Sudan defends crackdown
01 October 2013, 12:21
Khartoum - Sudan pointed to "fake" victim photos and foreign interference on Monday as it defended a deadly crackdown on protesters, which drew fresh criticism from inside the ruling party as rallies continued.
With reporters complaining of stepped up censorship, numerous videos and photographs purporting to show bloodied victims have circulated on YouTube, Facebook and other social media since the demonstrations began eight days ago, sparked by a rise in fuel prices.
"Most of the pictures on social media websites are from Egypt," Interior Minister Ibrahim Mahmoud Hamed told a news conference.
Authorities say 34 people have died since petrol and diesel prices jumped more than 60% on 23 September, sending thousands into the streets in the worst urban unrest in the history of President Omar al-Bashir's 24-year reign.
Activists and international human rights groups said at least 50 people were gunned down, most of them in the greater Khartoum area.
The real toll was difficult to determine but "could be as much as 200," a foreign diplomat told AFP on condition of anonymity.
In Egypt, hundreds of people have been killed since the army overthrew Islamist president Mohamed Morsi on 3 July.
Hamed said "criminal" attacks - separate from the peaceful protests - had been launched on police and petrol stations.
"We know that overseas foundations are supporting these criminal activities," he said, adding that about 700 people have now been arrested.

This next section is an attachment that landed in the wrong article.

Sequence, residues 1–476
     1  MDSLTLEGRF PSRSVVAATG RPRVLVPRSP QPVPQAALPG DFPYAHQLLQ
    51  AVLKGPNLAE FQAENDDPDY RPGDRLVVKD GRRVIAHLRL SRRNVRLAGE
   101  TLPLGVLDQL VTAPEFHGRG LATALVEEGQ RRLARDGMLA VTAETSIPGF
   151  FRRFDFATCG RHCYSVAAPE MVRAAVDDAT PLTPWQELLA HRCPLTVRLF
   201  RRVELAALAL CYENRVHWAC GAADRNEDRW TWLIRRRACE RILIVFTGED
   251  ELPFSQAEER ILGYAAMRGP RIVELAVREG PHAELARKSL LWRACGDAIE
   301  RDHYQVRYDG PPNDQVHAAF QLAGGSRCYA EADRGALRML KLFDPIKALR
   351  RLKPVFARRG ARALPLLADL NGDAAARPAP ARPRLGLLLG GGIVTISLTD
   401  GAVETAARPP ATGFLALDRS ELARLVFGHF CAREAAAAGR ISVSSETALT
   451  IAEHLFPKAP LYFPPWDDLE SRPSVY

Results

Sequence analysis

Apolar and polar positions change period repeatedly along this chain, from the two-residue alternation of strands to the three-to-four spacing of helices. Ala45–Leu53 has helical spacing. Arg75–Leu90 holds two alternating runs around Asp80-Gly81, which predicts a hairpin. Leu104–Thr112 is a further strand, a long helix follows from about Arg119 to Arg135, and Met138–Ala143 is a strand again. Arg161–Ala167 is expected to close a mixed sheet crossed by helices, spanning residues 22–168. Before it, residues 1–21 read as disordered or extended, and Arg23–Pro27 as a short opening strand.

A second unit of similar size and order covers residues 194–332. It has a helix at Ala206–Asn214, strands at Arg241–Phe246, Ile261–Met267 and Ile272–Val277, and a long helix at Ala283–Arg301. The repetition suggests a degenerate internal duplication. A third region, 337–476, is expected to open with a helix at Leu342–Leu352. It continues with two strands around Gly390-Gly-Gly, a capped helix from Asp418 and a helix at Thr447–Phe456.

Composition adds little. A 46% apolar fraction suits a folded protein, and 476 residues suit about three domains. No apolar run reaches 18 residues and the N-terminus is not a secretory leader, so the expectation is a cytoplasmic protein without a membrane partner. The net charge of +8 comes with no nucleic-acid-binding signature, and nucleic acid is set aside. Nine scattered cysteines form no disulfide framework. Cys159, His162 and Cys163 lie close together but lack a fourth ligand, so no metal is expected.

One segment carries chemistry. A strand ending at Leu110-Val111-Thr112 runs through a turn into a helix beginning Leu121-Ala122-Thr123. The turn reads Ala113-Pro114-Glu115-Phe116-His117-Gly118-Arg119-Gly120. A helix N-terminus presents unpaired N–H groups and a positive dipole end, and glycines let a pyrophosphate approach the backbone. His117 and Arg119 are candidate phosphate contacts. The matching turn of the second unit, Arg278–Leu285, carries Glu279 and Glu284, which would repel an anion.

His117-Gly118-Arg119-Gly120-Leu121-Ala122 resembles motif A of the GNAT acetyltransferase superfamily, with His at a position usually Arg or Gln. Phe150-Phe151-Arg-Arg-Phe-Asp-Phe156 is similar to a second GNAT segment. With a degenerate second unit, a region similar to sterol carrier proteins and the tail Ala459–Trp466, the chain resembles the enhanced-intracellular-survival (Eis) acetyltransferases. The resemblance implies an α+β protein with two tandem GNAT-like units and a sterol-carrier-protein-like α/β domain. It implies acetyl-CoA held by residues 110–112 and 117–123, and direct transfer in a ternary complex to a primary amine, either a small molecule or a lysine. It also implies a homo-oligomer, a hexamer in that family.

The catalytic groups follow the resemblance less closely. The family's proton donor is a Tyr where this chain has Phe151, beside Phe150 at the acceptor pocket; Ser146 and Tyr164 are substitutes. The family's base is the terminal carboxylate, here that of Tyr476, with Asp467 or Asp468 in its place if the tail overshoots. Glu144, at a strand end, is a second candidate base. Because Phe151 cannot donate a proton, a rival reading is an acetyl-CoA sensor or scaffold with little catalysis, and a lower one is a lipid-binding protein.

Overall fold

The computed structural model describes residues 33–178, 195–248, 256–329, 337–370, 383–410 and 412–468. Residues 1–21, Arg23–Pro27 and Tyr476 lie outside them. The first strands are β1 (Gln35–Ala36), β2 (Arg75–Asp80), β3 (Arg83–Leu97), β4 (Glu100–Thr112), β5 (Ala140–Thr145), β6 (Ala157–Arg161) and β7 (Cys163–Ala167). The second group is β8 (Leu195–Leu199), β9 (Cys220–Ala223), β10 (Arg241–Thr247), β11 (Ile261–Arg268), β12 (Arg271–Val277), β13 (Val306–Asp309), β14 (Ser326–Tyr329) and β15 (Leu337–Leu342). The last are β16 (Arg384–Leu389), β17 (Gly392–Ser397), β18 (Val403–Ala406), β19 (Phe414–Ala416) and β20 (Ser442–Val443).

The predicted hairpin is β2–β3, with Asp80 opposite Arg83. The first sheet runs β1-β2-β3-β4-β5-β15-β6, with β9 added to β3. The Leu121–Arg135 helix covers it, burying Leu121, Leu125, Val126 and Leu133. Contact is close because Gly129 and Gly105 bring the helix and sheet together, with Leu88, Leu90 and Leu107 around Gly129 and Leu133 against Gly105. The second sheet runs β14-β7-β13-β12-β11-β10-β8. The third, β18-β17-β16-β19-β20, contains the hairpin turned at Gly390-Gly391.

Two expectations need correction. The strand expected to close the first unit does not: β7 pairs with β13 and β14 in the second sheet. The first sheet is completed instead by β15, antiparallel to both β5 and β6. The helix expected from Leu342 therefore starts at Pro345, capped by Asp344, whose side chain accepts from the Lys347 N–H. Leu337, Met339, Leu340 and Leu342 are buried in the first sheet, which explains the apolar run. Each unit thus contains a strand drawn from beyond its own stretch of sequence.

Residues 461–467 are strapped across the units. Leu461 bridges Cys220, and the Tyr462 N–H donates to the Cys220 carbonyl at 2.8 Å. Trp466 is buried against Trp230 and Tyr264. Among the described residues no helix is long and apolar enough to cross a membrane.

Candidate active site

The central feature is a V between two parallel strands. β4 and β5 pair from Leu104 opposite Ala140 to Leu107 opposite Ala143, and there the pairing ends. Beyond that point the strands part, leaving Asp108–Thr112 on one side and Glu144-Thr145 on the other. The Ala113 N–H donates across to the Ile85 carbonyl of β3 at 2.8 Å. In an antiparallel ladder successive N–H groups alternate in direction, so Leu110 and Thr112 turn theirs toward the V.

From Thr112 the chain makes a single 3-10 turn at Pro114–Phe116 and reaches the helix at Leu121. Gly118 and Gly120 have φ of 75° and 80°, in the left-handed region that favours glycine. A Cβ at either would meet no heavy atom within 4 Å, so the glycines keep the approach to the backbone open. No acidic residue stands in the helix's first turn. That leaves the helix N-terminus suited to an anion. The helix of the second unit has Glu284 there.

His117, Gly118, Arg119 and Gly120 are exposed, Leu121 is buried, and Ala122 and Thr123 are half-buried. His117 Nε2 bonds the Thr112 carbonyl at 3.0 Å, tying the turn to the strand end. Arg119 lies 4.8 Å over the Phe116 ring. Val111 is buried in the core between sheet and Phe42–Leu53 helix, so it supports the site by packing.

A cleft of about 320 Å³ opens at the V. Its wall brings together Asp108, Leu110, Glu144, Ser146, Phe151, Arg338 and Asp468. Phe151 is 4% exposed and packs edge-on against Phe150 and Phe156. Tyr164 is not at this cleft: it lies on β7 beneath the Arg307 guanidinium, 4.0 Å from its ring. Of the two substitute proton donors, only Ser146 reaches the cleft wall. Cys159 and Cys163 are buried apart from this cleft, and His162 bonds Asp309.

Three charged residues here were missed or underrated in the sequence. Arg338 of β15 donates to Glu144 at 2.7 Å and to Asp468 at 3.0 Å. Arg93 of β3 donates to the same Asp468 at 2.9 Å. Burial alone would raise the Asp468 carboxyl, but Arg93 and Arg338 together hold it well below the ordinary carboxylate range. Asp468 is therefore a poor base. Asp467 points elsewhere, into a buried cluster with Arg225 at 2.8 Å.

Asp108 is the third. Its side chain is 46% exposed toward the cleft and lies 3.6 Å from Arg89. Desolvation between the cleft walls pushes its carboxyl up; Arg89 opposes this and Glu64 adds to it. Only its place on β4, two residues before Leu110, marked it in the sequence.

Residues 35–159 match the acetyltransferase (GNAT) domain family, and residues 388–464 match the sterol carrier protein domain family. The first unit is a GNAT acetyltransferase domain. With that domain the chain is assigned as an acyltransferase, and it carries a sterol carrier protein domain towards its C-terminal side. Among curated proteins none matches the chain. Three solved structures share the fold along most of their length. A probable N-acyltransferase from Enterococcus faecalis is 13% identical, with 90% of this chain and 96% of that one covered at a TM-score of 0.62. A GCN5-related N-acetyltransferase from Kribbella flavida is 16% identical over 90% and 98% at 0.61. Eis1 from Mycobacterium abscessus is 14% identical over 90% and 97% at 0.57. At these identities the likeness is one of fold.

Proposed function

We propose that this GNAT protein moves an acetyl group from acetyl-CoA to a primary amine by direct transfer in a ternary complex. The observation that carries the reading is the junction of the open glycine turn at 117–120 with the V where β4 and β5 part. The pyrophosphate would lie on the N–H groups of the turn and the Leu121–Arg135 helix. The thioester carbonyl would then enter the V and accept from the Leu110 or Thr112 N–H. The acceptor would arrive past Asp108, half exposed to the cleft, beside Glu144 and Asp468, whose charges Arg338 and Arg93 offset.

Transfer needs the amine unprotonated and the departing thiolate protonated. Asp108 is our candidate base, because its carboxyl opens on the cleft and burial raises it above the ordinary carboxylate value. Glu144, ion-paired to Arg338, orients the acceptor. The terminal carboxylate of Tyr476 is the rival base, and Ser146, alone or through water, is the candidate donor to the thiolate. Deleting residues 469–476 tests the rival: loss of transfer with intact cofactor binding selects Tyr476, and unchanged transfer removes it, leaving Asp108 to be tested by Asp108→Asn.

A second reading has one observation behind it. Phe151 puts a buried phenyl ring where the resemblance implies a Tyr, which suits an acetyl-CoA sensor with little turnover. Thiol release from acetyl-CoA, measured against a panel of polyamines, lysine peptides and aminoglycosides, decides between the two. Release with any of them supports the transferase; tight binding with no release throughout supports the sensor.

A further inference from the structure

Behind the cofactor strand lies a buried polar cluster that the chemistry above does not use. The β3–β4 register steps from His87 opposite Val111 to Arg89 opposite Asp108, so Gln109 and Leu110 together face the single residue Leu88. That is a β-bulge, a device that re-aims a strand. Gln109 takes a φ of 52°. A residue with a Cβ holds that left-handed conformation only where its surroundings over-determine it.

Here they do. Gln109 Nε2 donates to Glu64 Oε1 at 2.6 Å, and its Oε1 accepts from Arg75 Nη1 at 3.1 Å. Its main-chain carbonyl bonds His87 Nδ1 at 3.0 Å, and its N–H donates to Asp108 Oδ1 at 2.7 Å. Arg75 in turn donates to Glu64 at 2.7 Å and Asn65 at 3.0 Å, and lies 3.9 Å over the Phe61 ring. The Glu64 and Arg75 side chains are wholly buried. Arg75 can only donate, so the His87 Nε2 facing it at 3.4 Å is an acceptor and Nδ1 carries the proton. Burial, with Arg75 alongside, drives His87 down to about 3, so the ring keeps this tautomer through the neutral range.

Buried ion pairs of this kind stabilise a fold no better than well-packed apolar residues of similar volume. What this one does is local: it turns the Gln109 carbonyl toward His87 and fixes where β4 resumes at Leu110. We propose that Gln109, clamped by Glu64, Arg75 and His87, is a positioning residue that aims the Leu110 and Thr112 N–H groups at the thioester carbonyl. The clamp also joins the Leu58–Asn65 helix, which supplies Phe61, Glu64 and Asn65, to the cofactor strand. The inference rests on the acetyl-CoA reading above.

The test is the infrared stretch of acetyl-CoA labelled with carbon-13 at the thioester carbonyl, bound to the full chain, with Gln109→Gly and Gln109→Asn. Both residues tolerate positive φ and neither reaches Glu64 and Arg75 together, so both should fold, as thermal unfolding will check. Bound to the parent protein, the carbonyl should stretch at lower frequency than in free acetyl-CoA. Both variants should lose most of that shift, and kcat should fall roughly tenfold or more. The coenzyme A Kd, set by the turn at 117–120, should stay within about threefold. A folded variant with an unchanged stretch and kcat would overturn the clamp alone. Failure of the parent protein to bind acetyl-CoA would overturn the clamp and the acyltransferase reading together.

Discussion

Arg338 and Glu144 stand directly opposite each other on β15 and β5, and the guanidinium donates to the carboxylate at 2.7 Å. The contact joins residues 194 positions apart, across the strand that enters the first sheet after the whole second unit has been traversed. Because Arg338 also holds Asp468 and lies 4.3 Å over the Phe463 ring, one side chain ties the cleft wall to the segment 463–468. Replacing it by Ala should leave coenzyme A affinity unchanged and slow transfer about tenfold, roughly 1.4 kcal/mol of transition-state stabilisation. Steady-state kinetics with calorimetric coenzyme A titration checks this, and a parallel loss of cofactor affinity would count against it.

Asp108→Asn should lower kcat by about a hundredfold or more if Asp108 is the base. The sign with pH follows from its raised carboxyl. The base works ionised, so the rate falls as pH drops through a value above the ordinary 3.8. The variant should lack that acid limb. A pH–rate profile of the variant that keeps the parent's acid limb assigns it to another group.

"They used the same tactics that the Darfur rebels are using in Darfur," where a decade-long insurgency has raged.
Analyst Magdi El Gizouli has dismissed as "nonsense" government suggestions of rebel links to protests in the impoverished country, where people have endured two years of soaring prices.
Eight days after demonstrations began in a rural area south of the capital, rallies continued on Monday.
Police fired tear gas into the campus of Ahfad University for Women, where between 150 and 200 students were demonstrating "against the government and things like that," university president Gasim Badri told AFP.
He said police did not enter the campus in Khartoum's twin city Omdurman but lobbed tear gas from outside.
In the town of Atbara north of the capital, police used tear gas against about 400 demonstrators, witnesses there said.
Late Sunday around 1 000 people marched in Khartoum calling for the government's overthrow after a ceremony mourning those gunned down last week, witnesses said.
The rally began in the wealthy Mansheeya neighbourhood, which was home to Salah Mudathir, 28, a pharmacologist shot dead during a protest on Friday.
A million Salahs
"Freedom! Freedom!" they shouted, according to the witnesses.
"A million Salahs for a new dawn!" they called out in a reference to the dead man.
They also demanded the fall of the regime, echoing calls made by demonstrators during the 2011 Arab Spring revolts, which toppled long serving rulers in Tunisia, Egypt, Libya and Yemen.
A senior official in Sudan's ruling party spoke out against the "unnecessary" deadly crackdown on peaceful protesters, saying the government should have instead encouraged dialogue.
"The fact that so many have died points to the degree of violence," the official told AFP on condition of anonymity, in comments that reflect divisions within the governing National Congress Party (NCP).
"I believe it was unnecessary to repress the peaceful demonstrators. Peaceful demonstration is a constitutional right."
Solutions to the economy and other challenges "can't be done by a limited number of people within the NCP, the government," he said.